Pay ratio disclosure is not required in a registration statement on Form S-1 or Form S-11 for an initial public offering or an initial registration statement on Form 10.


Transition Periods for Smaller Reporting and Emerging Growth Companies


A company that ceases to be a smaller reporting company or an emerging growth company will not be required to provide pay ratio disclosure until after the first full fiscal year after exiting such status and not for any fiscal year commencing before January 1, 2017.


What Action Should a Company be Taking Now? 


For most companies, disclosure will be required for the first time in their annual reports on Form 10-K for the year ended December 31, 2017, or proxy statements for their 2018 annual meeting. Accordingly, companies should begin to:

  • identify where employee compensation data is currently held

  • consider the appropriate methodology for identifying the median employee, such as by statistical sampling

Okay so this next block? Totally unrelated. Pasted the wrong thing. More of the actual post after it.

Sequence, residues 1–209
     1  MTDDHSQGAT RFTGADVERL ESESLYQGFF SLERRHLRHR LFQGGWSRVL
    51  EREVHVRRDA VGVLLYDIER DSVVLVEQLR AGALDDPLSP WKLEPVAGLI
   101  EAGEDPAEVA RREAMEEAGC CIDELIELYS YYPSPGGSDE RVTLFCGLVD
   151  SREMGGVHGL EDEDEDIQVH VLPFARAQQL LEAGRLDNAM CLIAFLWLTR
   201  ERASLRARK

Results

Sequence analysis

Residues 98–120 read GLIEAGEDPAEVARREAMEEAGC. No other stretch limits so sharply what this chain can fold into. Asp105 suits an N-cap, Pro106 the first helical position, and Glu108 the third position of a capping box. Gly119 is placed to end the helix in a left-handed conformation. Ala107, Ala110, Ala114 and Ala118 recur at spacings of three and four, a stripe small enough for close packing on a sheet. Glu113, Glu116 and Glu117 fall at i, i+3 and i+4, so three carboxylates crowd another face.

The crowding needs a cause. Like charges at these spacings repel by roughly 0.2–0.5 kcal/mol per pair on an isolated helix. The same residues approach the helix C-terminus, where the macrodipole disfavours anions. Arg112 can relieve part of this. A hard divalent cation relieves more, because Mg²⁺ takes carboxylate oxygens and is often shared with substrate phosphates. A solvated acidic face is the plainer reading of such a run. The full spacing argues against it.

• document methodology used and related assumptions

  • identify covered “employees” and compensation

  • consider any data privacy issues under foreign law that may prohibit disclosure and/or consider the availability of exemptions, including the de minimis exemption


For more information, please contact: 

Neil R.E. Carr                                                               
Direct Dial: +1 202 587 2983                                                                           


Kathleen L. Cerveny

Direct Dial: +1 202 779 9507